Google gets IPv6

Google.com now is available over IPv6, as shown by these green entries that the IPvFoo Chrome extension displays.
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Photo by: screenshot by Stephen Shankland/CNET / Caption by:

Yahoo gets IPv6

Yahoo.com yesterday was reachable only with IPv4. But when the company made its IPv6 servers discoverable over IPv6, they started delivering data. This image shows the IP addresses of servers used to supply information for the Web page; green means IPv6 and red means IPv4.
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Photo by: Stephen Shankland/CNET / Caption by:

Major sites turn on IPv6

Starting at midnight GMT, many sites started showing their IPv6 servers as being available. Here, pale yellow-green means the site will tell a visitor that an IPv6 server is available for visitors from all the points on the Internet from which the RIPE Internet registry is measuring. Darker colors show lower levels. Many sites already advertised their IPv6 servers, and some still don't, but a few toward the top, including Yahoo, Google, Bing, Facebook, YouTube, and Cisco, show a transition to IPv6 availability.
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Photo by: RIPE / Caption by:

Web sites using IPv6

Shown in green, the percentage of Alexa top-50 Web sites (across multiple top-level domains, not just .com) available over IPv6 spiked during an IPv6 test in 2011 but then leveled out at about 2 percent. It started rising again before the World IPv6 Launch on June 6.
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Photo by: http://www.vyncke.org/ipv6status/ / Caption by:

IPv6 speed boost?

The tests by RIPE, Europe's regional Internet registry, show that the "ping" test of how long it takes to reach an Internet site is faster for IPv6 than for IPv4 -- if you're in North America trying to reach Google.
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Photo by: RIPE / Caption by:

Yahoo faster over IPv6

For at least some people, the round-trip network communication time, as measured by the ping command, is faster for Yahoo's IPv6 connections than for IPv4 connections.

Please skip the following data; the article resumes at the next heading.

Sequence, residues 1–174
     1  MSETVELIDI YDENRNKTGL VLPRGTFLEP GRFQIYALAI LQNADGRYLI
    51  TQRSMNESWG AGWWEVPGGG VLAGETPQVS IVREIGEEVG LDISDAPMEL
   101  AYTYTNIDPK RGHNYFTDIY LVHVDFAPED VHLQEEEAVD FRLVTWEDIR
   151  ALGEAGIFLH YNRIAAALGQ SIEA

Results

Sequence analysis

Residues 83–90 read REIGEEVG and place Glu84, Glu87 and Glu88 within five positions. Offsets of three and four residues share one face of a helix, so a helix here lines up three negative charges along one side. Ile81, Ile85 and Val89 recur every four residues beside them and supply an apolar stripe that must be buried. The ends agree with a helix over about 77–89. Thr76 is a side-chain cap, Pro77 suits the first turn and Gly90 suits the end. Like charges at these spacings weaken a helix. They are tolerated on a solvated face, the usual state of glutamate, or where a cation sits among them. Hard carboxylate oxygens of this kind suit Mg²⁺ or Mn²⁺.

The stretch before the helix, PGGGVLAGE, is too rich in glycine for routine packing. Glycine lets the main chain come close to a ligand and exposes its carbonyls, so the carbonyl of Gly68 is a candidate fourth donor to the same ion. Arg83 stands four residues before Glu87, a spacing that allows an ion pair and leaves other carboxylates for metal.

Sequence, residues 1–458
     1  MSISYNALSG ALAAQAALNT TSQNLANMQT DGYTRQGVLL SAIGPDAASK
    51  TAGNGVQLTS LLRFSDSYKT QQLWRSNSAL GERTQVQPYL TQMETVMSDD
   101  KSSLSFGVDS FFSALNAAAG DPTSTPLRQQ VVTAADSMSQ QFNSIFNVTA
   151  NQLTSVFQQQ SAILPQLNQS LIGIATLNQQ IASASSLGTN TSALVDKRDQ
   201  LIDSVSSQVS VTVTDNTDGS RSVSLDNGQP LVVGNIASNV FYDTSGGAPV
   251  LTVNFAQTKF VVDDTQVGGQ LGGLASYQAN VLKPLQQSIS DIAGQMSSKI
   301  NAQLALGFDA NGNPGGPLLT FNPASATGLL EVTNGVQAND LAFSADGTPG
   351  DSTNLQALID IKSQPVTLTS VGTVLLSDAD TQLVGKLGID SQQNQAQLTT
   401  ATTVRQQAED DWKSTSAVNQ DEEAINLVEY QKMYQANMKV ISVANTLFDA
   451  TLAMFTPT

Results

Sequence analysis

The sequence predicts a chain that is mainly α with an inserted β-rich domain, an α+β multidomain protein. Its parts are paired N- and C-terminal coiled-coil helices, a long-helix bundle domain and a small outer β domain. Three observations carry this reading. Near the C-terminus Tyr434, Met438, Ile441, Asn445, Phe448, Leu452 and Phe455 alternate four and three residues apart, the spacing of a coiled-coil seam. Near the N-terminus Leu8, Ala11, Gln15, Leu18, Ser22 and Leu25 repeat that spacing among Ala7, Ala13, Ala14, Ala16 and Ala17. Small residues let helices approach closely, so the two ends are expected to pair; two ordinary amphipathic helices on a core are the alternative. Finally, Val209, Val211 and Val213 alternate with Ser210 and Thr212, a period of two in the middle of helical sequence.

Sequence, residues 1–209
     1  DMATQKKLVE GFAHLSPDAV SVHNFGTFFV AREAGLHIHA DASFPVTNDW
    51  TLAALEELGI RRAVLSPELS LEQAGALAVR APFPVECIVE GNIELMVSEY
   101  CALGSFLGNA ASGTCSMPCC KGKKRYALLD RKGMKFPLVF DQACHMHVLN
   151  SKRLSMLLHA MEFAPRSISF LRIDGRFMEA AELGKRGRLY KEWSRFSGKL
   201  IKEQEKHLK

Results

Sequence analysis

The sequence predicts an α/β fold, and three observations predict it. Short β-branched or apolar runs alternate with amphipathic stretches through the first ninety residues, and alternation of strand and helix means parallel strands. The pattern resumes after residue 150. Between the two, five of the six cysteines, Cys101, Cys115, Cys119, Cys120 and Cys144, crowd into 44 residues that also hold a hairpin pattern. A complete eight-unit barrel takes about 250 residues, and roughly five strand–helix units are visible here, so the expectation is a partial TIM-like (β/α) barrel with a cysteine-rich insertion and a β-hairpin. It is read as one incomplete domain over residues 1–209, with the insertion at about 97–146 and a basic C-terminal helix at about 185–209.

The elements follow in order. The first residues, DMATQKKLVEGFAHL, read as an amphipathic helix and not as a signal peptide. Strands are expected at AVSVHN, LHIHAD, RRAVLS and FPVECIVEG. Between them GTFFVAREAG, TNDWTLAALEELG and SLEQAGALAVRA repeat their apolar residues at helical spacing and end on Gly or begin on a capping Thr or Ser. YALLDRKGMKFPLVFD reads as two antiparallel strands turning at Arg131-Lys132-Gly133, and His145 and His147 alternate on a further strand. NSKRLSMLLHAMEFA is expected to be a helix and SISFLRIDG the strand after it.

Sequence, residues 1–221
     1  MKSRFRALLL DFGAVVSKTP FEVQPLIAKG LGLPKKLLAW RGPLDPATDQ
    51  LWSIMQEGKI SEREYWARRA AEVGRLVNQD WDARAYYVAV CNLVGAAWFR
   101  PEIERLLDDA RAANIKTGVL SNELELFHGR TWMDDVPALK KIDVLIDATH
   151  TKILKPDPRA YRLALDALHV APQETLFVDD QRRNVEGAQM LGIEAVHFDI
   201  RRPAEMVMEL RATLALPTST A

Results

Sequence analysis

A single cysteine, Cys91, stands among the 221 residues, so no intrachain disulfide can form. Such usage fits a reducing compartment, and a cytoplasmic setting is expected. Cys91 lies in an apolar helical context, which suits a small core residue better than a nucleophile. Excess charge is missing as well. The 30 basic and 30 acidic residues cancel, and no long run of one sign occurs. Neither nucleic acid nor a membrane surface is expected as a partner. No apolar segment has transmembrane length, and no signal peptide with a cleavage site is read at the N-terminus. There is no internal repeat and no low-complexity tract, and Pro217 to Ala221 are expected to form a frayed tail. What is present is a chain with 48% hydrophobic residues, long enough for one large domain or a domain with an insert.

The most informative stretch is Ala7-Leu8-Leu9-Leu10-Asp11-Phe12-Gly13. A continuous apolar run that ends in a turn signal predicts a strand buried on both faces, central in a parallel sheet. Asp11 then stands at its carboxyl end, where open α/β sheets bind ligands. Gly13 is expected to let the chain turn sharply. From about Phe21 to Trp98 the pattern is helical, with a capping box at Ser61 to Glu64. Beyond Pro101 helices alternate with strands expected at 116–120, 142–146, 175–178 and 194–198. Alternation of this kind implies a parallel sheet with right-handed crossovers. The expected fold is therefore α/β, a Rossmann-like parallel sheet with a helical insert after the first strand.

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Photo by: RIPE / Caption by:

Global IPv6 adoption

IPv6 usage is still light at Google, but it's showing up in North America, according to Google.
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Photo by: screenshot by Stephen Shankland/CNET / Caption by:

Europe's IPv6 leaders: France and Romania

In Europe, France and Romania are leaders in IPv6 adoption. France's Free ISP has been particularly aggressive with IPv6.
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Photo by: screenshot by Stephen Shankland/CNET / Caption by:

Bhutan vs. Japan with IPv6

In Asia, Bhutan is an IPv6 leader. Japan's use of IPv6 for internal ISP services means computers can be fooled into thinking IPv6 is available for the broader Internet, which can slow down access.
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Photo by: screenshot by Stephen Shankland/CNET / Caption by:

Historic increase in IPv6 usage at Google

IPv6 usage has steadily increased at Google, which until recently only offered data with IPv6-specific versions of its sites.
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Photo by: screenshot by Stephen Shankland/CNET / Caption by:

IPv6 uptick

Arbor Networks, which runs a network with dozens of Internet service providers supplying anonymous data, said it saw a 20 percent increase in the amount of native IPv6 traffic last night after the World IPv6 Launch began.
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Photo by: Arbor Networks / Caption by:

IPv6 brownies

Erik Kline, one of Google's three engineers dedicated to updating the company's products and technology for IPv6, posted this photo of vegan IPv6 brownies on Google+ today. "Needless to say, I 'allocated some IPv6 space' last night," he joked.
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Photo by: Erik Kline / Caption by:
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